I have to say I'm glad David Barstow at the NY Times wrote about the real core of the Tea Party movement being a revival of the militia movement, but it's very annoying too. David Neiwert and I have been writing on this subject ever since Fox News helped launch this extreme conservative coalition into action. The Villager elders all saw it too, but were afraid to put them in proper context. Barstow at least gives them some "official" cover to finally start calling them out.
Tea Partiers may say they are an independent movement, but their values are arch-conservative, and in the end it still benefits the GOP and their corporatist owners. A new CNN poll shows that 87% of them would vote for the GOP if there was no nobody endorsed by the Tea Party movement in their district.
Michael Steele met with 50 Tea Party activists for over four hours the other day because the GOP is very nervous that they would actually start a third-party movement and splinter the vote. If the Tea Party activists were serious, they would run their own presidential candidate in 2012.
Greta Van Susteren interviewed Amy Kremer, a Tea Party activist (who doesn't like the Birthers unlike Palin) about the Steele meeting and she made clear that the Tea Partiers were working strictly with the Republican Party; it hadn't crossed her mind to talk to the Democratic Party, too, until Greta asked her about it as a signal that they were, you know, truly cough cough *nonpartisan* cough hack.
As you can see in the video, Michael Steele was all worried that the Tea Partiers would be concerned that the meeting was about the GOP co-opting the Tea Party movement, which he assured them was far from the truth, as indeed it was. This was kinda like a sea lion assuring a transient killer whale that it had no intention of eating him.
Meanwhile, Andrea Mitchell interviewed another of the Tea Party leaders at the meeting, a woman named Lisa Miller, and she essentially said, as have many others in the Teabagger movement, that they actually want to take over the GOP. No ifs, ands or buts:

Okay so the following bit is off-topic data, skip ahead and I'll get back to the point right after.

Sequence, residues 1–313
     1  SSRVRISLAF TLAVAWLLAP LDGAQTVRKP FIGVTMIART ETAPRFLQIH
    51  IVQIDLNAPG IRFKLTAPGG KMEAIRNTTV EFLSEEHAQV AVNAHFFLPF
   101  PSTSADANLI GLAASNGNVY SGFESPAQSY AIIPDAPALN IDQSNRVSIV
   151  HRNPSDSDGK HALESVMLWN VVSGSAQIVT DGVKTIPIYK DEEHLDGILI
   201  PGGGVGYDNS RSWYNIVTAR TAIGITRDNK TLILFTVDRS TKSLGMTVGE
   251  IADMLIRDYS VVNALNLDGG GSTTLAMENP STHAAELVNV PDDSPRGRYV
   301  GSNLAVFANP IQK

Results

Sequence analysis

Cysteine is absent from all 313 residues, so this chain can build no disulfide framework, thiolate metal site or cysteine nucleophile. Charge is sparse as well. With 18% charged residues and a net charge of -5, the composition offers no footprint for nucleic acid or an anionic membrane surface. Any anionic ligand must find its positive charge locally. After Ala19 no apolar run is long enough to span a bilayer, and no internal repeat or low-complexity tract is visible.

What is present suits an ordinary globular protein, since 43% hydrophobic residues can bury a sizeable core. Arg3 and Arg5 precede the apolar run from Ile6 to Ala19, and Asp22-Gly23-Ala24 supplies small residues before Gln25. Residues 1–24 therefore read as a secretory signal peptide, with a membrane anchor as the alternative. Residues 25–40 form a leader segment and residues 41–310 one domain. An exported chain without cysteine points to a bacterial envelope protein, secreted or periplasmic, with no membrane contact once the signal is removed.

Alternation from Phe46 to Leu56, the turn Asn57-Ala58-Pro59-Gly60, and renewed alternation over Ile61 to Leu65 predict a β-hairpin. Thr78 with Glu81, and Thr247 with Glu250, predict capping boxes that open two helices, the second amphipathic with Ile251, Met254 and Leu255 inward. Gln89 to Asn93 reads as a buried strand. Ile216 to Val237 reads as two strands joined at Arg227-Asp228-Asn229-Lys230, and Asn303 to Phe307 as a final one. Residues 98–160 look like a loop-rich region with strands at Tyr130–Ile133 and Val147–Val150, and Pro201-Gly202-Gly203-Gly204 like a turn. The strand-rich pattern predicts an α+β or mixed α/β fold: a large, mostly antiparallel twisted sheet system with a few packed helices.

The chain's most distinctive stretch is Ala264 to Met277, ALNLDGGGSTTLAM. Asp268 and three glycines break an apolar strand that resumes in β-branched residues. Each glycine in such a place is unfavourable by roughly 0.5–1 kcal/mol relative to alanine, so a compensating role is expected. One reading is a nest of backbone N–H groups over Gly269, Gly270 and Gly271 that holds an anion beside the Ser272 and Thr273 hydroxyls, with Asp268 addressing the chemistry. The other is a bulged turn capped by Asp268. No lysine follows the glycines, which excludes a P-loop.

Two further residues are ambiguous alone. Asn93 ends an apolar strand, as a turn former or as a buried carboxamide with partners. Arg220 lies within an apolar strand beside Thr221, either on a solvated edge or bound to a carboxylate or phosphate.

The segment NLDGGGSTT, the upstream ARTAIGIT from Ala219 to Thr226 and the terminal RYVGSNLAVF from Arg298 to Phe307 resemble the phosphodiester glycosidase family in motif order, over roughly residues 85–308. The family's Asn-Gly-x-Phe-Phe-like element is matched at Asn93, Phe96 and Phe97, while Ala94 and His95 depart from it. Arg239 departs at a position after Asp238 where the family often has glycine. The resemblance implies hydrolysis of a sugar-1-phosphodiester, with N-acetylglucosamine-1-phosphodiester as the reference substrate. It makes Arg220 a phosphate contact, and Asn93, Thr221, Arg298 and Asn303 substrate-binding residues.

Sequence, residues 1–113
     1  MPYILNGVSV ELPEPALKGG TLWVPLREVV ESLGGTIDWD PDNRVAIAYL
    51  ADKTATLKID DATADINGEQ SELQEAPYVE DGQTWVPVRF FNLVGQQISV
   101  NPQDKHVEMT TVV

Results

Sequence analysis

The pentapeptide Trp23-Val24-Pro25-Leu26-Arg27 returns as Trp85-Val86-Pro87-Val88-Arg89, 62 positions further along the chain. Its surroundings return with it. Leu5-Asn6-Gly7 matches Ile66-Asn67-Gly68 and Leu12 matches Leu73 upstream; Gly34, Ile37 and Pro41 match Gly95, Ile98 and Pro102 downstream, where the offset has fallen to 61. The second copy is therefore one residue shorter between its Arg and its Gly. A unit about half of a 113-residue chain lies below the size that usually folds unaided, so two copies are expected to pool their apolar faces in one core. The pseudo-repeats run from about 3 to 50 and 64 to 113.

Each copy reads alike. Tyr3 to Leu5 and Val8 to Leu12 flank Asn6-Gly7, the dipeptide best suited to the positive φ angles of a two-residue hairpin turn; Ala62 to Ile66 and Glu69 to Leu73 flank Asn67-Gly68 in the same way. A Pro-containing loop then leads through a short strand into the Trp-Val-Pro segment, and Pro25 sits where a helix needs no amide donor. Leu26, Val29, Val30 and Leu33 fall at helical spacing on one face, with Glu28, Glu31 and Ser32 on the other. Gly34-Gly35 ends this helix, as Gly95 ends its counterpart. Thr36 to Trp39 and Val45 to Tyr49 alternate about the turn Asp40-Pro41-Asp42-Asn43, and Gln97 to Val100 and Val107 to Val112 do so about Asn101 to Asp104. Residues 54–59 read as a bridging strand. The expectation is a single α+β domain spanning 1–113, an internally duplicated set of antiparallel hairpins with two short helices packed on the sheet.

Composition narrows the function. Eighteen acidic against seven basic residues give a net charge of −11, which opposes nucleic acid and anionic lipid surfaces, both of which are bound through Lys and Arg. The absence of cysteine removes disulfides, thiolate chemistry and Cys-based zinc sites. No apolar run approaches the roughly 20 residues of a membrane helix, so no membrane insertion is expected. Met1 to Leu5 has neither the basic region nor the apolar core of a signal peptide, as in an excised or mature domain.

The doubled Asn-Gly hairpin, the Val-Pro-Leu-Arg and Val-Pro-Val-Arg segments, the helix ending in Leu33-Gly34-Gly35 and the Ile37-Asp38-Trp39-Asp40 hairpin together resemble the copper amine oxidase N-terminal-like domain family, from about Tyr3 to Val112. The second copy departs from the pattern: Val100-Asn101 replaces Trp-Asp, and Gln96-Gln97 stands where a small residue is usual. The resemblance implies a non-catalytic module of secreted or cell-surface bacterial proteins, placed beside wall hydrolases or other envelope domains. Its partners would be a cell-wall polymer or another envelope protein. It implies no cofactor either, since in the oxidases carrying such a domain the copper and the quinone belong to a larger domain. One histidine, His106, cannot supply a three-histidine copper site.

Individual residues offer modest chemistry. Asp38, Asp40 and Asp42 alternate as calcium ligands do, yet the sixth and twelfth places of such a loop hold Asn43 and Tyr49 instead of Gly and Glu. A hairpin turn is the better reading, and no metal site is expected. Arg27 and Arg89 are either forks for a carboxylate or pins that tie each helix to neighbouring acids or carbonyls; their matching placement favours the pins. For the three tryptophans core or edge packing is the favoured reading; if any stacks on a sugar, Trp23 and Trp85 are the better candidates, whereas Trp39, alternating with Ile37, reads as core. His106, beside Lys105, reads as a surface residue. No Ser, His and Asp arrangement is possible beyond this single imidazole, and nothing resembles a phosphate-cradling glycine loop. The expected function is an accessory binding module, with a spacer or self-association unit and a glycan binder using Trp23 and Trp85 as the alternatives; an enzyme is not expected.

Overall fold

Miller: The Republican Party, based on its platform, has much in common with the Tea Party, but local and state parties don't necessarily reflect those values anymore. And so we're going to have to retake, if you will, the Republican Party, as opposed to the Republican Party absorbing us.
If the DNC held meetings with a liberal activist coalition that said the GOP are Nazis, traitors and not born in America, the media would be going crazy, and Fox News would be calling them psychos. (We remember the Senate condemnations of MoveOn.org for daring to criticize Bush's Iraq War general and for a supposed "Hitler ad" it never produced.)
Here's more on the meeting:
Around 50 leaders representing 30 Tea Party groups met with Steele and other GOP advisers to talk about strategies and the importance of conservatism in the 2010 midterm elections.
"The chairman believes it is extremely important to listen to this significant grass-roots movement and work to find common ground in order to elect officials that will protect these principles," RNC spokesperson Katie Wright told the Washington Post.
Not all Tea Party activists supported the meeting, however, as Talking Points Memo reported:
In an email to TPMmuckraker, Robin Stublen, another Florida-based Tea Party activist who has argued previously against working with the GOP, warned of "a back door attempt by the RNC to put their 'stamp' on the movement that welcomes all conservatives regardless of political party."
Oh, they aren't extremists. I mean, wanting to hang Patty Murray is quite normal, isn't it?